Glossary of Commercial Lease Terms
Escalation Clause: a clause in a lease requiring an increase in the rent at a future date. It may be accomplished by several types of clauses, such as: (1) fixed increases - a clause which calls for a definite, periodic rental increase; (2) cost of living - a clause which ties the rent to a government cost of living index, with periodic adjustments as the index changes; (3) direct expenses - the rent is adjusted according to changes in the expenses of the property paid by the lessor, such as tax increases, increased utility costs, maintenance costs, etc.
Estoppel Certificate: a document that prevents parties from later asserting facts different from those contained in a document. They are often required by the buyer of an income property. The tenant and landlord both sign the estoppel certificate, confirming the lease and other material facts. Thereafter, neither party is able to make claims to the contrary.
Expansion Option: a right granted by the landlord to a tenant whereby the tenant has the option to add more space to its premises pursuant to the terms of the option.
Expense Stop: a fixed amount in a lease where the tenant is responsible for all building operating expenses and taxes in excess of a defined amount.
Extension Option: an agreed continuation of occupancy under the same conditions, as opposed to a renewal, which involves new terms and/or conditions. In a lease, it is a right granted by the landlord to the tenant whereby the tenant has the option to extend the lease.
Fair Market Rent: generally, the rent which would be negotiated by a willing landlord and tenant in an "arm's length transaction" for a specific property at a given time, even though the actual rent may differ. In a lease, the term "fair market rent" may be defined in a number of different ways.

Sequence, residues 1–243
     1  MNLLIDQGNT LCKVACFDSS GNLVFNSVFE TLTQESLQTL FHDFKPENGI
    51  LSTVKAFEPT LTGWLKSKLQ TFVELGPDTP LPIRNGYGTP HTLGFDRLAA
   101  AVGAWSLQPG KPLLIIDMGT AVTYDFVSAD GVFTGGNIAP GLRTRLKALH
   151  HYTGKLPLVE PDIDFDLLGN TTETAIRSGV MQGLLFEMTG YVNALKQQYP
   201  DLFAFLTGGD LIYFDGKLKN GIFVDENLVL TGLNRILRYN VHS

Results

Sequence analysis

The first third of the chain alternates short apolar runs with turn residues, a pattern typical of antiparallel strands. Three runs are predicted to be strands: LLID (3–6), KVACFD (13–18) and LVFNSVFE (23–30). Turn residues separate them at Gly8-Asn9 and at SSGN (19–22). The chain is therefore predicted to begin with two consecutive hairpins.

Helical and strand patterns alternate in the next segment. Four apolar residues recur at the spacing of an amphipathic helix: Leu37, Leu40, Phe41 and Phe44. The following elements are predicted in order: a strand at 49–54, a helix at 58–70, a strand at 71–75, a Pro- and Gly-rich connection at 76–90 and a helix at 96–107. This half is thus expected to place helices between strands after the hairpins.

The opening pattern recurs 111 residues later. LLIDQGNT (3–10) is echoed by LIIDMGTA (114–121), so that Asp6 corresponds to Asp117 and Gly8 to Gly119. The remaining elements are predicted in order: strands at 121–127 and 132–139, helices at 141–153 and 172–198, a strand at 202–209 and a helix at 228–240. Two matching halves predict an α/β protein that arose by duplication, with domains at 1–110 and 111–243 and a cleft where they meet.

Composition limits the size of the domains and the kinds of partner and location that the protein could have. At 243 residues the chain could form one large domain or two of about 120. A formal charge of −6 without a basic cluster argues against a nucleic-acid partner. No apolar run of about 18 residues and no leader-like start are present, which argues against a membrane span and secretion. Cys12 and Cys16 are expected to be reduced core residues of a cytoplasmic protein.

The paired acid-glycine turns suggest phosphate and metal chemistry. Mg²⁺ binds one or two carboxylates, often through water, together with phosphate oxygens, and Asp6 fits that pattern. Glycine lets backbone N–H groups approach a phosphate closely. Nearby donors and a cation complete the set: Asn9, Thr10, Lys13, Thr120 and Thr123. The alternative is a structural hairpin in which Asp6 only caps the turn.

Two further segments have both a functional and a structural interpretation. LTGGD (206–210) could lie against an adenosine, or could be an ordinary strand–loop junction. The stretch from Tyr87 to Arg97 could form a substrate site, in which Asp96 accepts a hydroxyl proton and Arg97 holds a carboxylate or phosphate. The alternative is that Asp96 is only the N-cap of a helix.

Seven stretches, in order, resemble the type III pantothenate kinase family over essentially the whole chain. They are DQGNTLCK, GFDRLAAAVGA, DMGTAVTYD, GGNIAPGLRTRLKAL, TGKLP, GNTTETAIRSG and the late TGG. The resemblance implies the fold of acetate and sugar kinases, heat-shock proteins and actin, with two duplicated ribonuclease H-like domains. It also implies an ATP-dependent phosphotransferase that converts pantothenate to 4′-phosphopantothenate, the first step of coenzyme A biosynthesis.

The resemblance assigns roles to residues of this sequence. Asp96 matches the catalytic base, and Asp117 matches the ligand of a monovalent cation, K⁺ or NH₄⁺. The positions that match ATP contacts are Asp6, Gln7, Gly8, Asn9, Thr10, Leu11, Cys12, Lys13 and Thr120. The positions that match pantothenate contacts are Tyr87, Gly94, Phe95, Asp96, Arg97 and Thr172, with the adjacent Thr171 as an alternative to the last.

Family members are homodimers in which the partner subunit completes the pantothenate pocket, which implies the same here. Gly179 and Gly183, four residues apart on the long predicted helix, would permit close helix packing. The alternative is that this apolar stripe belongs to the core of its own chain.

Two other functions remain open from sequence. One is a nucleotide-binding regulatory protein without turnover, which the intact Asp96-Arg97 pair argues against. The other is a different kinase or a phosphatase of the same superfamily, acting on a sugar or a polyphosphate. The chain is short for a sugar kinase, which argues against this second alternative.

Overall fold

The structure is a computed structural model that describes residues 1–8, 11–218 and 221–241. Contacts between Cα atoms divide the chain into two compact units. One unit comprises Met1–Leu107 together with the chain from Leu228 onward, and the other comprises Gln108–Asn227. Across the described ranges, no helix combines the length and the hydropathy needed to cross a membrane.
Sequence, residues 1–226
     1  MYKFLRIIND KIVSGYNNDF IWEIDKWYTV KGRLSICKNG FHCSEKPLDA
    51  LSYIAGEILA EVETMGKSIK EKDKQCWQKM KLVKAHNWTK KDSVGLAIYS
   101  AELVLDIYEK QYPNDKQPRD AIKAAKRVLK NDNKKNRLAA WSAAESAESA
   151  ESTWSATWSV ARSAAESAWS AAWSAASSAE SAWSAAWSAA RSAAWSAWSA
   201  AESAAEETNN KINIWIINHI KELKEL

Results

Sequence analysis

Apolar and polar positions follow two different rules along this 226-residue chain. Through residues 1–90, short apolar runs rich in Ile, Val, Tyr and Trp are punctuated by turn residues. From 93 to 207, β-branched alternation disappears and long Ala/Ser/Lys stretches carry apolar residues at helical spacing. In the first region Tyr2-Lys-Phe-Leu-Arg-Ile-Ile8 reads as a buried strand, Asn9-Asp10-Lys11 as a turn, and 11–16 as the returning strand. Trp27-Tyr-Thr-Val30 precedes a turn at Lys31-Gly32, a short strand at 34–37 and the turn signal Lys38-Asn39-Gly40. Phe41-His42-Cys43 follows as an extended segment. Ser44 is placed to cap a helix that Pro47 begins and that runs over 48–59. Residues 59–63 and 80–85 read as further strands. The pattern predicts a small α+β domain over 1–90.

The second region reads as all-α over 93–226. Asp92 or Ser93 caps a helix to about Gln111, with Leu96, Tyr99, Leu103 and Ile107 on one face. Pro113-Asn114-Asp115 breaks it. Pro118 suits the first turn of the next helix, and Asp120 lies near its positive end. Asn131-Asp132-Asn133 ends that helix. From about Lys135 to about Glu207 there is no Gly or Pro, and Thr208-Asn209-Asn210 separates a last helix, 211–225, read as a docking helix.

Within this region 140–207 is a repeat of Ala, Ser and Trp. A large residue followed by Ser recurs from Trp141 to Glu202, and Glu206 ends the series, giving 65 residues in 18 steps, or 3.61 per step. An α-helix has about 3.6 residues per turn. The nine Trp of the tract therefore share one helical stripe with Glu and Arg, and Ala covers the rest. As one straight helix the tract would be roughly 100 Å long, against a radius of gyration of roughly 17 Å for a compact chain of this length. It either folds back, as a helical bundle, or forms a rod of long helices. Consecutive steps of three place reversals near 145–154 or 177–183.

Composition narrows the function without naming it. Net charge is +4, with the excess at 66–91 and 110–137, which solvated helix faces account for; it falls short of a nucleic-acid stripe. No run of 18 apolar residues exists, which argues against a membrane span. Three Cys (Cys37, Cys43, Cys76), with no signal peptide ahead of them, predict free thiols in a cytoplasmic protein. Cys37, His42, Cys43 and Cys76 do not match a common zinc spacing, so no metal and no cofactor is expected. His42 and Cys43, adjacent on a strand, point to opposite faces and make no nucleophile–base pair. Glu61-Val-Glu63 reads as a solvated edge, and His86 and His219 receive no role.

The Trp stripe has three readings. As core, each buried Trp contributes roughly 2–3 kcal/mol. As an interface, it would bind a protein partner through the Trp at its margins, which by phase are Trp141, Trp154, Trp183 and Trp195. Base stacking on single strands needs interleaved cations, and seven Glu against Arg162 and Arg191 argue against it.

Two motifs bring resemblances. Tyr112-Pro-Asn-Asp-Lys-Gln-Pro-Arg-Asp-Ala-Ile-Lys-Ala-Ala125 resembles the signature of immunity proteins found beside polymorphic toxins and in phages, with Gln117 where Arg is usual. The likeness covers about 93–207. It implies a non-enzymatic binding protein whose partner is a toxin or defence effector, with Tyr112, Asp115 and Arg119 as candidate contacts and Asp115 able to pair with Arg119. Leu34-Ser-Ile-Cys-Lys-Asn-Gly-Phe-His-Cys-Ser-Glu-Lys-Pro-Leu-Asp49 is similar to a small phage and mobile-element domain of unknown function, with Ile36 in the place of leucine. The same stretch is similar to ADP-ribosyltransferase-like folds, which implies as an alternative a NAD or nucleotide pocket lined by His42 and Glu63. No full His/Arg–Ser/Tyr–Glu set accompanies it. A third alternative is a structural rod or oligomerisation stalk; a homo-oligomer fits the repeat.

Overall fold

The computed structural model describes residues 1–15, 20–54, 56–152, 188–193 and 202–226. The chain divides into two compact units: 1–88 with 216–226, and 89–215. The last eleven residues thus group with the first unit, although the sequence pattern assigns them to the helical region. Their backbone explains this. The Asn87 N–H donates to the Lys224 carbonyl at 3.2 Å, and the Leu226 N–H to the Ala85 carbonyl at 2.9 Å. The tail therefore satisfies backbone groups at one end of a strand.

Free Rent: a concession granted by a landlord to a tenant whereby the tenant is excused from paying rent for a stated period during the lease term.
Fully Serviced Lease: a lease in which the stated rent includes the operating expenses and taxes for the building. Same as a gross lease. Opposite of an absolute triple net lease.
Gross Lease: a lease in which the stated rent includes the operating expenses of the building. Same as a fully serviced lease.
Gross Up: an adjustment made to operating expenses to adjust for the occupancy level of a building. When operating expenses are "grossed up", it means that the building's variable expenses have been adjusted upwards to the level those expenses would have been if the building was fully occupied (usually 95%).
Ground Lease: a lease of land only. Usually an absolute triple net lease on a long term basis (30 years or more). Ground rent is not considered an operating expense.
HVAC: Heating, Ventilation, Air Conditioning. A general term encompassing a system designed to heat and cool a building.
Landlord (Lessor): the party (usually the owner) who gives the lease (right to possession) in return for consideration (rent).
Lease Term: the period of time in which the landlord grants to the tenant the right to possession of real property.
Lessee (Tenant): the party to whom a lease is given in return for rent.
Lessor (Landlord): the party (usually the owner) who gives the lease in return for rent.
Letter of Intent: generally a written statement that two parties to a prospective transaction (buyer/seller or lessor/lessee) intend to proceed to a binding agreement in good faith on stated principal business terms to be entered into. This definition applies when signed by both parties. Alternatively, such a statement may be signed only by one party and is then an indication of a willingness to enter into agreement on the stated terms and conditions. To avoid legal issues regarding offer and acceptance and thus the formation of a binding contract, care must be taken to include a clause stating that there is not an offer being made and no intent to create a legally binding obligation.